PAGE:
At the weekend, Sinn Féin recorded its highest ever Red C opinion poll result having attained 30pc first preference support. However, instead of basking in positive headlines, the party was mired in controversy.
A tweet by Laois Offaly TD Brian Stanley confirmed the regular charges of some opposition parties that once you scratch the surface of Sinn Féin, what you find are apologists for IRA violence.
“Kilmicheal (1920) and Narrow Water (1979) the 2 IRA operations that taught the elite of d British army and the establishment the cost of occupying Ireland. Pity for everyone they were such slow learners,” he wrote.
The damage caused by the triumphalist tone of the tweet, glorifying the massacre of 18 British soldiers in living memory, was exacerbated by the fact that Mr Stanley is not just a member of Sinn Féin. He is chairman of one of the Dáil’s most powerful committees, the Public Accounts Committee – meaning everything he says carries the imprimatur of that august body, whether he intends it to or not.
Faced with a barrage of criticism, Mr Stanley deleted the tweet and quickly apologised but the harm was done. The question for Sinn Féin is, what are they going to do about it? Nothing much, according to party leader Mary Lou McDonald. In an interview with RTE’s Morning Ireland yesterday, she said the tweet was “ill-judged” but she has no intention of sanctioning him and fully expects him to continue in his role as PAC chair.
The leniency shown to Mr Stanley is in stark contrast to punishment meted out to other Sinn Féin representatives who became embroiled in similar controversies. Former Senator, Máire Devine, was suspended for three months in 2018 when she retweeted a tweet which referred to prison guard Brian Stack, who was murdered by the IRA, as a “sadist prison officer”.
Meanwhile, Barry McElduff was forced to resign as an MP for West Tyrone in 2018 after he posted a video to Twitter which appeared to mock the murder of 10 Protestant civilians in 1976. In the video, Mr McElduff walked around a shop with a loaf of Kingsmill-brand bread on his head – on the 42nd anniversary of the Kingsmill massacre.
If Sinn Féin fails to similarly sanction Mr Stanley, the obvious question is why? Is it because Mr Stanley referred to the murder of British soldiers, who are viewed as legitimate targets by Sinn Féin, rather than innocent civilians who were cut down as they went about their normal lives?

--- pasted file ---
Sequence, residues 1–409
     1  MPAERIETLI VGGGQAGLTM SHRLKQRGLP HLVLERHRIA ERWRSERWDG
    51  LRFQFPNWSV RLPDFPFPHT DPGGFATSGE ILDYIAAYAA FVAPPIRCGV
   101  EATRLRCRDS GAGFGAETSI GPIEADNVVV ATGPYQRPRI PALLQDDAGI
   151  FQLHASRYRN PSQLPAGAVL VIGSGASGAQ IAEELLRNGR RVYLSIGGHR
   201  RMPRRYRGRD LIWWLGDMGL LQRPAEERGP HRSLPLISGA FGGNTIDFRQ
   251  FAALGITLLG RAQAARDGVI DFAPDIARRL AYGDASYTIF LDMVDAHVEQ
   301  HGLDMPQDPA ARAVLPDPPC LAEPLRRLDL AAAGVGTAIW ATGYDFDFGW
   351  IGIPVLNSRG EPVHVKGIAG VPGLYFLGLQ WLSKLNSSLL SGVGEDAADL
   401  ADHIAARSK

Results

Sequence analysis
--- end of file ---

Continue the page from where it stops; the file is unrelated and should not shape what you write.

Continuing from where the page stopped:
What does that say about the party’s commitment to reconciliation and the notion, often cited by party members, that there should be no hierarchy of victims if the legacy of the Troubles is ever to be truly grappled with?
Further, what does it mean for the PAC, whose function is to rigorously hold others to account, to be chaired by a TD who openly tweets such a divisive and jingoistic remark and escapes with just a slap on the wrist? Its credibility is surely dented if Mr Stanley remains in situ as chair.
Sinn Féin has grown to be a real force in Irish politics with its relentless focus on issues like housing, health and probity in public office by a cohort of articulate and hardworking TDs. It has succeeded in expanding its reach from its republican base and now has widespread support across a number of different demographics.
According to the weekend’s Red C poll in the Business Post, “the party secures over 40pc support among all “younger” age groups, from 18 year olds right up to those aged 44. Its support now also extends beyond the young, with the party boasting 33pc of the first preferences among 45-54 year olds and only dropping off among those aged 55+”.
If Sinn Féin wants to copperfasten this support, then it must demonstrate that is has moved beyond the narrow sectarian politics of old and can deal sensitively with those of a different political perspective. It had been doing a good job at this. In 2018, when wreaths laid at the site of the Narrow Point massacre were vandalised twice within a matter of weeks, Sinn Féin MP Chris Hazzard was extremely critical.
“If you feel you need to trample on the heartfelt pain of others to make yourself feel good you are not a republican. You are a moron. Please leave these wreaths alone,” he tweeted. It is hard to reconcile Mr Hazzard’s tweet and Mr Stanley’s as coming from members of the same party.
Sinn Féin routinely laments as disingenuous the attacks of Fine Gael and Fianna Fáil TDs, who regularly resurrect decades-old IRA travesties in Dáil debates as ripostes to legitimate criticism by the party on a host of contemporary and unrelated issues. When Gerry Adams was leader, facing Enda Kenny during leaders’ questions, hardly a day went by without the murder of Jean McConville being mentioned, no matter what the subject matter of the debate.
Sinn Féin TDs may view this criticism as unfair, but when its representatives openly valorise IRA violence, and suffer no discernible sanction, it gives licence to these kinds of attacks continuing. It also detracts from the party’s ability to highlight issues which are of central importance to it.
On Monday, the entire focus of the party should have been on the disgraceful refusal by the British government to hold a public inquiry into collusion between State actors and loyalist paramilitaries in the murder of Belfast solicitor Pat Finucane. Instead, its TDs were firefighting in the media for Mr Stanley.
The immediate aim of Sinn Féin is to be the first political party to serve in concurrent administrations in both jurisdictions on this island. It is tantalisingly close to achieving this goal. Given its dominance on the opposition benches, it will only have itself to blame if it fails at this task.